We are now six months into the new administration of President Joe Biden, in the middle of his plans to “build back better” for the United States. But when it comes to policies related to China, there is not yet much to see that gives concrete meaning to that slogan.
The number of conflicts ending in peacefully negotiated settlements has declined since the 2010s. Cases of states applying militarized and coercive approaches to solving ethno-political conflicts through war and violence are now becoming ubiquitous.
Russian leader Vladimir Putin is skilled at making life difficult for the West at little cost to his autocracy.
Joe Biden’s tough-sounding talk during his campaign and his rhetoric and actions in the first three months of his administration didn’t give any indication that he was eager to meet Russian President Vladimir Putin.
How can the two presidents make the best of their one shot at setting the nuclear table? As the lead U.S. negotiator of the original New START treaty, I have some advice for them: Keep it simple.
If bookies in Las Vegas were laying bets on a long duration for the newly formed Israeli coalition government, the odds would probably be longer than the prospect of the Baltimore Orioles and the Washington Nationals meeting anytime soon in a Washington World Series.
With expectations low in Moscow, the Kremlin is looking for limited deescalation.
Islamophobia and anti-Muslim bigotry have been spreading quickly for decades. It’s clear in the campaigns against the Muslim woman’s headscarf (hijab) or face covering (niqab) that are the centerpiece of so many right-wing forces across Europe.
Addressing protesters’ demands will require the Omani government to look seriously into reforming the economic system and regulate the relationship between government officials and businesses.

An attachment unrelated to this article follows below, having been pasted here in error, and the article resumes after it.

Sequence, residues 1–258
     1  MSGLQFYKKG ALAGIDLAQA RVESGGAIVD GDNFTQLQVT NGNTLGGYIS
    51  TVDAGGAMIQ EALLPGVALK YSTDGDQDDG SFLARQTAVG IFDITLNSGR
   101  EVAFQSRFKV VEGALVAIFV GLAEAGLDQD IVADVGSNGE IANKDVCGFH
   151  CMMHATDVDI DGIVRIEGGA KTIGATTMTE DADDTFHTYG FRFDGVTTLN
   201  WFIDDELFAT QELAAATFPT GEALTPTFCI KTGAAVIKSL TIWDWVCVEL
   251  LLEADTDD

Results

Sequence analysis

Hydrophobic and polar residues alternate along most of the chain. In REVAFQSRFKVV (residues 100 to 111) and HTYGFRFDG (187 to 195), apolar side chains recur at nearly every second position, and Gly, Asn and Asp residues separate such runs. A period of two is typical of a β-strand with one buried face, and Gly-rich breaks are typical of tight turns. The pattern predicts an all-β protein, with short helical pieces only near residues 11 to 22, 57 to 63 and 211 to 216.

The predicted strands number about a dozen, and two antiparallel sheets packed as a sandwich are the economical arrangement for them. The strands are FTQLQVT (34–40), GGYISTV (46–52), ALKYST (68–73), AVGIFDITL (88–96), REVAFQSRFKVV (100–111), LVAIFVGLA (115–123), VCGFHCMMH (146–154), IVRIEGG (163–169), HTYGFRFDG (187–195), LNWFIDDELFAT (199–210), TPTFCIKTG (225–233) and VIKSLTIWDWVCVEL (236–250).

The time is ripe for Oman’s government to react to youth demands and be transparent about its next steps and plans.
While the United States has a long history of bigotry against immigrants of color, the growing hostility toward people of Asian origin in the wake of the devastating coronavirus pandemic casts a new spotlight on the discrimination many Asian immigrant populations experience in the United States.
One of the most heartening aspects of India’s heartbreaking struggle with the deadly second wave of the Covid-19 pandemic has been the outpouring of support from the Indian diaspora.
Despite unpromising circumstances, Presidents Biden and Erdogan can begin to improve U.S.-Turkey relations by first addressing and resolving the issue of the S-400 missile defense system.
Nigeria’s government is doubling down on its decision to ban Twitter indefinitely, with regulators Monday ordering broadcasters to stop using Twitter even to gather news, and the foreign minister summoning Western ambassadors whose countries criticized the ban.
Reversing democracy’s international decline has emerged as a pillar of the Biden Administration’s foreign policy. The goal marries our values and our security.
The primary issues facing island nations in the Indian Ocean are sustainable development, illegal fishing, disaster management, the climate crisis, renewable energy and other aspects of the blue economy.
For the first time in more than a decade, it looks as though Benjamin Netanyahu will soon be out of power in Israel. What many assumed would play to the longtime prime minister’s advantage has instead led to one of the most surprising turns in Israeli politics in years.
Unreliable distribution and poor governance hold back electricity connectivity rates.
As much as the U.S. is a crucial partner for India, spreading foreign policy risk may just be as crucial in being able to maintain equitable ties with a Biden White House, especially as American ambitions – both ideological and material – are tested in practice.
The lack of progress on global nuclear disarmament and arms control casts a shadow over the upcoming tenth review conference of the Treaty on the Non-Proliferation of Nuclear Weapons.